Historic Marker--Moses Merrill Mission
Rev. Moses Merrill constructed the first permanent missionary complex west of the Missouri River in the fall of 1835. The buildings included a school house and a council house. The buildings were all hand hewn logs, with stone or brick chimney. At the present time only one stone chimney remains standing. The historic marker highlights the first mission of the Baptist Missionary Union.
Backstory and Context
In the fall of 1835, Rev. Merrill constructed the first permanent missionary complex west of the Missouri River. The buildings included a school house and a council house, to be used when the Indians visited the mission. His living quartersconsisted a a bedrom and kitchen, which was attached to an adjoining structure that was used as a sitting room and a study. All of the buildings were constructed of hand hewed logs obtained locally. Each building was provided with a stone or brick chimney. At the present time, only one stone chimney remains standing.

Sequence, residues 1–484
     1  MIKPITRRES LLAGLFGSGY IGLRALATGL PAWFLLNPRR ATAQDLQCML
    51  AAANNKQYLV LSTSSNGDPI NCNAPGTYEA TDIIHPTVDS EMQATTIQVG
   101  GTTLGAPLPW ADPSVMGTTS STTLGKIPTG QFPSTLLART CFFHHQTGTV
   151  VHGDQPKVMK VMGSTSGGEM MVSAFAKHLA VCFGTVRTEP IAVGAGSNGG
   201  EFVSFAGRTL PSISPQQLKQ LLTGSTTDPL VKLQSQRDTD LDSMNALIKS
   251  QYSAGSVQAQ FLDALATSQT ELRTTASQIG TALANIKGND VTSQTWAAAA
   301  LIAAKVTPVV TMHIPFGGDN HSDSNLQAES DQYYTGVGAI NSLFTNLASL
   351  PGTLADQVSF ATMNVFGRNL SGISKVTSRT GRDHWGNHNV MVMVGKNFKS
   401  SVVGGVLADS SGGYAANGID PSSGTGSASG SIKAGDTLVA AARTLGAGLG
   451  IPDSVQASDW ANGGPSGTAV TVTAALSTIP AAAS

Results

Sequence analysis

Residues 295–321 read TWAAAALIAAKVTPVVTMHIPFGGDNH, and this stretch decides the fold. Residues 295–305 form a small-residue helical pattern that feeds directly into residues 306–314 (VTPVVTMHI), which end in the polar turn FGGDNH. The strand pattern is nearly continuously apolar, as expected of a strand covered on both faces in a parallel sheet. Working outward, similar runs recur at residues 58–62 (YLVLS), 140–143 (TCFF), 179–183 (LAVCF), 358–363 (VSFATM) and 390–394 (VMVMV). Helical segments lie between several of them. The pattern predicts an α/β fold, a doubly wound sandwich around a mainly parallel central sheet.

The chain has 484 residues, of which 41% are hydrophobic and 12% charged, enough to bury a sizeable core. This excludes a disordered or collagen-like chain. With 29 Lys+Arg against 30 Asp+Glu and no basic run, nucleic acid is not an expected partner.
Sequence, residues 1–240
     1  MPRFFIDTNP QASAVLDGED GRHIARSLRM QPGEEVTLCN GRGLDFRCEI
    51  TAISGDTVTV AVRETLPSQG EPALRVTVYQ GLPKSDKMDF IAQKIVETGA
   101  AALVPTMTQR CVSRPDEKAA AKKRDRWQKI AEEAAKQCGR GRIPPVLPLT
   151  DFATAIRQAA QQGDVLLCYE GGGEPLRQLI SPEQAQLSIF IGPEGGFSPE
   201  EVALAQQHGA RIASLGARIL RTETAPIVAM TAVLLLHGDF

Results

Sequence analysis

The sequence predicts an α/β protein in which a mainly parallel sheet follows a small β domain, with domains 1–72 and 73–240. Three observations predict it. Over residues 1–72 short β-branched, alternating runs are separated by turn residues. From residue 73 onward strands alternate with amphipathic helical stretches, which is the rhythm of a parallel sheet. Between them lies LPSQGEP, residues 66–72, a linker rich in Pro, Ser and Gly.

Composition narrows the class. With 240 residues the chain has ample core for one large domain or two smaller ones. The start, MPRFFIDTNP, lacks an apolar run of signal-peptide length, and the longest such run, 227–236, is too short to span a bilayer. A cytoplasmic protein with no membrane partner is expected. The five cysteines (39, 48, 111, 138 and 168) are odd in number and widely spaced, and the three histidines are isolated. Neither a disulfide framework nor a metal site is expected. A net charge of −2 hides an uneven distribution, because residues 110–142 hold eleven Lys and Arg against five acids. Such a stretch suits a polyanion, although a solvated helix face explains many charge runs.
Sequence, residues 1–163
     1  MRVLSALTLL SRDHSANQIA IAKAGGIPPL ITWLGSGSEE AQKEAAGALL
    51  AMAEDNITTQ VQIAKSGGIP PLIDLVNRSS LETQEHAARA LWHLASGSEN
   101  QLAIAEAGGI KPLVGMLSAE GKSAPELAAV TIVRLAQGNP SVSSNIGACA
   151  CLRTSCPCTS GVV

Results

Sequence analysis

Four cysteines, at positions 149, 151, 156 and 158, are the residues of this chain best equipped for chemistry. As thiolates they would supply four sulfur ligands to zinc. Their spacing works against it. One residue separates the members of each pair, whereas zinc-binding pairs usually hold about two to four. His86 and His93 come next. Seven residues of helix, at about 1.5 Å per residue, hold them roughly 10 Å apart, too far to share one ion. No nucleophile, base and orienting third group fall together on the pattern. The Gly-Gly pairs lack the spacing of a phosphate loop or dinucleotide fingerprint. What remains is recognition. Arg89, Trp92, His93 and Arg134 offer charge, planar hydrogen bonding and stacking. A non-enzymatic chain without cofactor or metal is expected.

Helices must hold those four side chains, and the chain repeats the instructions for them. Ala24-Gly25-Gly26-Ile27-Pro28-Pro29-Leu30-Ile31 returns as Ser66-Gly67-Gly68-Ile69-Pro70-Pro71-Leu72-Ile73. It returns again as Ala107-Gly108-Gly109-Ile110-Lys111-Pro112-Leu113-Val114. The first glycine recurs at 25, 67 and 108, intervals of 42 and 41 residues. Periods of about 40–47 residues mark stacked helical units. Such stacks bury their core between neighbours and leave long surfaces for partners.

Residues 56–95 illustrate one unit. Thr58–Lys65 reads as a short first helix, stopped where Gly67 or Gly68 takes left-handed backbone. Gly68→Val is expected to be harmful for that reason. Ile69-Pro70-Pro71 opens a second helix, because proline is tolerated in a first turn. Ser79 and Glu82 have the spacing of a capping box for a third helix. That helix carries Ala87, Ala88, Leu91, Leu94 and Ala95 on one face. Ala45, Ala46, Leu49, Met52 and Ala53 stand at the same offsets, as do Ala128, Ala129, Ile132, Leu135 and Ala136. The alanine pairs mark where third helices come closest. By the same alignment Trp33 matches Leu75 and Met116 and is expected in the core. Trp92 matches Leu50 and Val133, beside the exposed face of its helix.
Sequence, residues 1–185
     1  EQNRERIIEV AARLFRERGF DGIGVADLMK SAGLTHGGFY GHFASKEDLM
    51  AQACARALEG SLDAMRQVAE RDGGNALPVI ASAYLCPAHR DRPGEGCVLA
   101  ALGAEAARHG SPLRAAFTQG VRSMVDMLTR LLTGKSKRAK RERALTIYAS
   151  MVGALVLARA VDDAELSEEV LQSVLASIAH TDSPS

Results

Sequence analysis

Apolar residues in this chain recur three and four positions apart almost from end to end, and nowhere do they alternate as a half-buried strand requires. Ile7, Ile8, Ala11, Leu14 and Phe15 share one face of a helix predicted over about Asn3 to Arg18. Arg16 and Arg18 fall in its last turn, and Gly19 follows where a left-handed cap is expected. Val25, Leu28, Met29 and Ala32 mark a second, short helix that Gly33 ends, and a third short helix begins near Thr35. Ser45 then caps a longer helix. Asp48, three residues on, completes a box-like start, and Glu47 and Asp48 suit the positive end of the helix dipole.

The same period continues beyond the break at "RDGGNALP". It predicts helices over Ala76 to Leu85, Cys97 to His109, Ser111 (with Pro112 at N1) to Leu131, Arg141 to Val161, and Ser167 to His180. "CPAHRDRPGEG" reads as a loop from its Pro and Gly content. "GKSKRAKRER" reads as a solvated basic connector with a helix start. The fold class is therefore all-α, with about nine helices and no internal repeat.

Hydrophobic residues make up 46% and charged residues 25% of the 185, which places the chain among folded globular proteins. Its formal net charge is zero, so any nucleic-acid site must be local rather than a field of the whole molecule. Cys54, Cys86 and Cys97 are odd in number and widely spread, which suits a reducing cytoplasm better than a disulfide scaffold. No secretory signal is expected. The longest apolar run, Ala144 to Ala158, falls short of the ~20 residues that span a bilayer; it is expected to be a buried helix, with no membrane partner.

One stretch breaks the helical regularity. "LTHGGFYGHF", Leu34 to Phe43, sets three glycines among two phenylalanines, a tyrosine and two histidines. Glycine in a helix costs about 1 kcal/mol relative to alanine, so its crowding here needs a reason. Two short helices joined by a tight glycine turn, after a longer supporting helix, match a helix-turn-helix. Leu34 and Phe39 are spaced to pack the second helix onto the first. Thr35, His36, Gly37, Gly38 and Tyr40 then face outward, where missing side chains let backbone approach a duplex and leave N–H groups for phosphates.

The mission closed in 1840, when Moses Merrill died suddenly. Merrill's widow returned to the East and most of the Oto moved to a new village sourth of the Platte. A few moved nearer to the town of Bellevue.
The Moses Merrill Papers -- manuscripts on file at the Nebraska State Historical Society, Lincoln
Photo Credit: Nebraska Memories http://memories.nebraska.gov/cdm/ref/collection/schm/id/23